Tuesday, July 14, 2020


To the meager extent that I can be called a sports fan at all, I'm a baseball fan, not a football fan. But during the brief period I lived in Washington, D.C., from 1987 to 1992, my girlfriend at the time was a passionate fan of D.C.'s NFL team.

She wasn't alone. Led by head coach Joe Gibbs and QBs like Doug Williams and Mark Rypien, the team was really good during those years. As a result, almost every home game was a sellout, and tickets were extremely hard to come by. There's a good inside-the-Beltway gag in the 1987 Bette Midler-Shelley Long comedy Outrageous Fortune, in which a CIA agent (John Shuck) is trying to persuade a KGB agent (Robert Prosky) to defect, promising him townhouses and all sorts of perks, and the KGB man hesitantly asks "Redsk**s tickets?" The CIA man furrows his brow; that may be too big an ask.

Anyway, as I said, my then-girlfriend Stephanie adored the team, and somehow or another scored two tickets for a home game at RFK in November of 1991. The lads were having a superb season; they finished 14-2 and went on to win Super Bowl XXVI over the Buffalo Bills. Their only home loss? You guessed it, the one game that Stephanie and I ever managed to go to together; a 24-21 defeat to their loathed rivals, the Dallas Cowboys, under head coach Jimmy Johnson and QB Troy Aikman.

I have many vivid memories of that chilly day, including watching a drunken and insufferable Dallas fan a few rows ahead of us get seriously manhandled by D.C. cops--to joyous applause--for taunting his neighbors. I also recall the palpable funk of anger and misery, including Stephanie's, on the Metro ride home. But I also remember, as we entered the stadium, seeing a good-sized band of Native American activists beating drums and chanting in protest of the team's name. I was handed a flyer explaining its offensiveness.

I wish I still had that flyer, to read it a little more attentively than I did at the time. I dismissed it then, thinking the matter trivial; I may have formulated some evasion along the lines of "gee, that community has problems they really should be focusing on ahead of a sports team's name." It wasn't until years later, hearing the matter debated in the media, that it struck me that the issue's triviality or lack thereof really wasn't my call.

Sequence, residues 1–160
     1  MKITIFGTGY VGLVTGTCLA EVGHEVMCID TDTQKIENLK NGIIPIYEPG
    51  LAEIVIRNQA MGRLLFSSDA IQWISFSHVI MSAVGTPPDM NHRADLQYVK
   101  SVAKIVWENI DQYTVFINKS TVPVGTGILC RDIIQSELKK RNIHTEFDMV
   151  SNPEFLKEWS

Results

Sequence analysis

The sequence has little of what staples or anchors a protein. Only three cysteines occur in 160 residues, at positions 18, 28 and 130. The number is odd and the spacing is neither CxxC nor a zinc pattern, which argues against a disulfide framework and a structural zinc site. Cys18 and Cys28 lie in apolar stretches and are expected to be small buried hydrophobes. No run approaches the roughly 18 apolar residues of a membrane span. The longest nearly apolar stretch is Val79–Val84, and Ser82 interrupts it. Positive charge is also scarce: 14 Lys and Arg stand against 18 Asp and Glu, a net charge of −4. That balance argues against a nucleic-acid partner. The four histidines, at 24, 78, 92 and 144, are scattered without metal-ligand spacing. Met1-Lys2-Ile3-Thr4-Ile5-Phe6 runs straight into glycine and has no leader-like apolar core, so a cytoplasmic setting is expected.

Many American sports teams are named after Native Americans; the Cleveland Indians, the Atlanta Braves, the Florida State Seminoles. I'm sure there are Native activists who would like to get rid of all of them, but to point out the obvious, the D.C. football team is a little different even from these--it's an actual racial epithet. It's not different, in any way that I can see, from using the N-word as a team name.

I was reflecting on all this to a friend of mine who told me that she had attended Miami University, aka Miami of Ohio. Their team was also called the Redsk**s in those days, and the on-field performing mascot at games was a kid dressed up in a stereotypical Indian outfit.

According to my friend, at a certain point Miami struck up a relationship with the Miami Tribe in Oklahoma, and sent their mascot performer to the tribe to train to do accurate tribal dances; they also provided scholarships and other programs for tribal youth. Even so, in 1996 they changed the name to the RedHawks, but kept the relationship with the tribe.

In 2014 Dan Snyder, the douche-baggy-sounding owner of the D.C. NFL team, started an "Original Americans Foundation" in answer to criticism over the name. But according to Sports Illustrated that funding has steadily dried up over the years since.

It will be interesting to see if the appropriately-initialed OAF continues at all in the future, as it appears that, almost three decades later, those protesters I saw that day are getting their wish; the D.C. team has announced it will retire the name. At this writing, the new name has not yet been announced.

The question of why slurs toward indigenous people have remained less socially opprobrious than slurs against other races for so much longer is an interesting one. I don't have an answer for it. Indeed, I don't have any great wisdom to impart about the matter at all; I'm just glad that the grotesque name has been retired, and that Snyder's obstinance has finally been worn down. I've heard some commentators wonder if the change will make some fans decide they're done with the organization. To that, I can only say that if so, they don't sound like very loyal fans.

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